March 26, 2020

Planting for pollinators

Attracting beneficial insects to your garden is as simple as knowing what to plant.

Shannie McCabe
March 26, 2020

Many of us see insects as pesky, flying critters or unwanted, home-invading creatures, but if you ask me, bugs have gotten a bum rap! Savvy gardeners know that some bugs are incredibly beneficial to the garden. In fact, some insects are essential for growing our food. 

Beneficial insects can help us to pollinate our crops and even to keep other, less wholesome bugs at bay. In other words, it pays to create an inviting habitat that is friendly to our favorite insects. 

Bees are perhaps the most well-known of the beneficial insects. Hearing that steady hum in our garden lets us know that flowers are being pollinated, which is essential for the formation of many fruits. You can lure a host of native bees — as well as Apis mellifera, the European honeybee — to your garden by planting nectar rich flowers among the other plants in your garden. 

Flowers like gaillardia, beebalm, chives, cosmos, echinacea, snapdragons and zinnias are all beloved by bees. Pollinators find heirloom flowers ultra alluring because they are often richer in nectar and pollen and hybrid blooms, which tend to be bred for bigger, fuller flower heads and smaller nectary glands. 

Predatory insects — the ones that eat, kill or ward off your “bad bugs” — can also be a major benefit to your garden. You can literally hire a legion of hit men to take out your most unwanted garden pests, and the only cost is planting a few flowers to attract these helpful predators.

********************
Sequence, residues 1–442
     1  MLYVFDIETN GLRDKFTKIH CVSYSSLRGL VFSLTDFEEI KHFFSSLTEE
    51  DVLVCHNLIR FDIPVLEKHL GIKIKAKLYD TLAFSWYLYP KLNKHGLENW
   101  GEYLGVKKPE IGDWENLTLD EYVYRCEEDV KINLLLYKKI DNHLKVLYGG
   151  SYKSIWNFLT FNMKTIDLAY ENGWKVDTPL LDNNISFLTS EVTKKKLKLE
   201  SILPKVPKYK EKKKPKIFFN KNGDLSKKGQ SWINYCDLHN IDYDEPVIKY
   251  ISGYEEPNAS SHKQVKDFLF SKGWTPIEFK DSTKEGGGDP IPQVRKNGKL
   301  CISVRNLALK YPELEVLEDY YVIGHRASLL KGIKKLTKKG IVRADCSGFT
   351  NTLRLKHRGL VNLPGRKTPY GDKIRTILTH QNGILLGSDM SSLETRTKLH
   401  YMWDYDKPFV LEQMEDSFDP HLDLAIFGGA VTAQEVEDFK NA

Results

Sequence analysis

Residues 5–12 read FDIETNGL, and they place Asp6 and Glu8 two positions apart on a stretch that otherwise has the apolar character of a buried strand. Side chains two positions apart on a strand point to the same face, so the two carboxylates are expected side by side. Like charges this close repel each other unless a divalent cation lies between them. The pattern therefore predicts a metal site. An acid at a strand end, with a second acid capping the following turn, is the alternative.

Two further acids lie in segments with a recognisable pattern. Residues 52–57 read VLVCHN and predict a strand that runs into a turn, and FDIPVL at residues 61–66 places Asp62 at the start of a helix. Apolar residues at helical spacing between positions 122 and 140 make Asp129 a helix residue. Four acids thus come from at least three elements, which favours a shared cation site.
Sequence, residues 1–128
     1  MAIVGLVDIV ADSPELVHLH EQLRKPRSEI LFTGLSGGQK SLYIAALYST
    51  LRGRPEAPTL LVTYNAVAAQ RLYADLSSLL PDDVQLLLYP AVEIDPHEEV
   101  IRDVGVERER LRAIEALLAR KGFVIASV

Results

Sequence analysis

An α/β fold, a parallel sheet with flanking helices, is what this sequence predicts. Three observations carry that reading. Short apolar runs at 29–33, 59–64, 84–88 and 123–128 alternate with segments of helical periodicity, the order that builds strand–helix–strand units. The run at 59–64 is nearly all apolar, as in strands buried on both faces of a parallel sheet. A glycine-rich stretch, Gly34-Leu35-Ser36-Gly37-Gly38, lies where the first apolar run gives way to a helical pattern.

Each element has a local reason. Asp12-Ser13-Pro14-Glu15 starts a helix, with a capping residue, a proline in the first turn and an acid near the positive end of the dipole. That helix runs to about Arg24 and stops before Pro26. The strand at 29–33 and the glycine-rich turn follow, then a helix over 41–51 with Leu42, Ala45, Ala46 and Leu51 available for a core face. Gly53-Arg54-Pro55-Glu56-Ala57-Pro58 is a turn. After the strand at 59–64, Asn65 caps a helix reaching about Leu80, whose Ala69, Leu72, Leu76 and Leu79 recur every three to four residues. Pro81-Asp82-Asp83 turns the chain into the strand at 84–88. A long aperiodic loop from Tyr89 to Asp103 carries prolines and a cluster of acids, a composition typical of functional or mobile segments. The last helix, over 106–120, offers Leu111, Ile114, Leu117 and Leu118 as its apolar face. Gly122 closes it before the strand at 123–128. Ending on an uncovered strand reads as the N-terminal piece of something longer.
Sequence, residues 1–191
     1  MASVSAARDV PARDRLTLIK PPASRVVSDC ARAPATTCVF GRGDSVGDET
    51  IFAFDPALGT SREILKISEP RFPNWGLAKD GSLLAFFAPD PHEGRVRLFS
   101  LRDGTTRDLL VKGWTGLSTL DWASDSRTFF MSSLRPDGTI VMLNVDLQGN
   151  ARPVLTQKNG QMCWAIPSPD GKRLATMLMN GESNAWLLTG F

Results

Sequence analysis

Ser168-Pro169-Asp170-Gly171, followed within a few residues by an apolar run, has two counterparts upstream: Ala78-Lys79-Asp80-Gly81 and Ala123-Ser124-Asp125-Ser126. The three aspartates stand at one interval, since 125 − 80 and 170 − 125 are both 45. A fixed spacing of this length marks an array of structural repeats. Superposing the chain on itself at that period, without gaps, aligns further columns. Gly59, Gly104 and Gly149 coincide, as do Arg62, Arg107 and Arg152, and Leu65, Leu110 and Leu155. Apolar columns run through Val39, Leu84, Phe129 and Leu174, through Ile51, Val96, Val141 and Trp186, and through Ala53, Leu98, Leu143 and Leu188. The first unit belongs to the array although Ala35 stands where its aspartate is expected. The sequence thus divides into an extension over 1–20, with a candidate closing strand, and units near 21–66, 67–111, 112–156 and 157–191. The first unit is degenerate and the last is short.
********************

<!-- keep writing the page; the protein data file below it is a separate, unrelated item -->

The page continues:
For example, larval stage lady beetles have a voracious appetite for aphids, mealbugs and mites. The adult beetles like to land on large, dish shaped flowers like cosmos and marigolds. They also love yarrow and chives. 

The lacewing bug will rove your garden picking off a range of unwanted pests from mites to leafhoppers and mealy bugs.  The Lacewing fly is attracted by the large, umbrella-like flowers of plants in the carrot family such as fennel, dill, coriander and caraway. 

Aside from selecting beneficial, insect friendly plants, it is important to never use broad spectrum pesticides in the garden.  These generalist chemicals will knock out all insects — good and bad. Be sure to avoid buying seeds that have been treated with neonicotinoid pesticides, as they become systemic in the plant and are harmful to bees. 

Choosing native plants and a wide diversity of crops is another way to invite good bugs to your garden. 

Finally, perhaps the easiest measure is to allow your lawn and garden to get a bit “wild.” Bare ground and perfect weed maintenance will only leave fewer nooks and crannies for your good bugs to make their new home.

Still not sure what you should be planting to invite beneficial insects into your garden? Have you successfully attracted some natural pollinators and want to share your story? We'd love to continue the conversation.


Shannie McCabe

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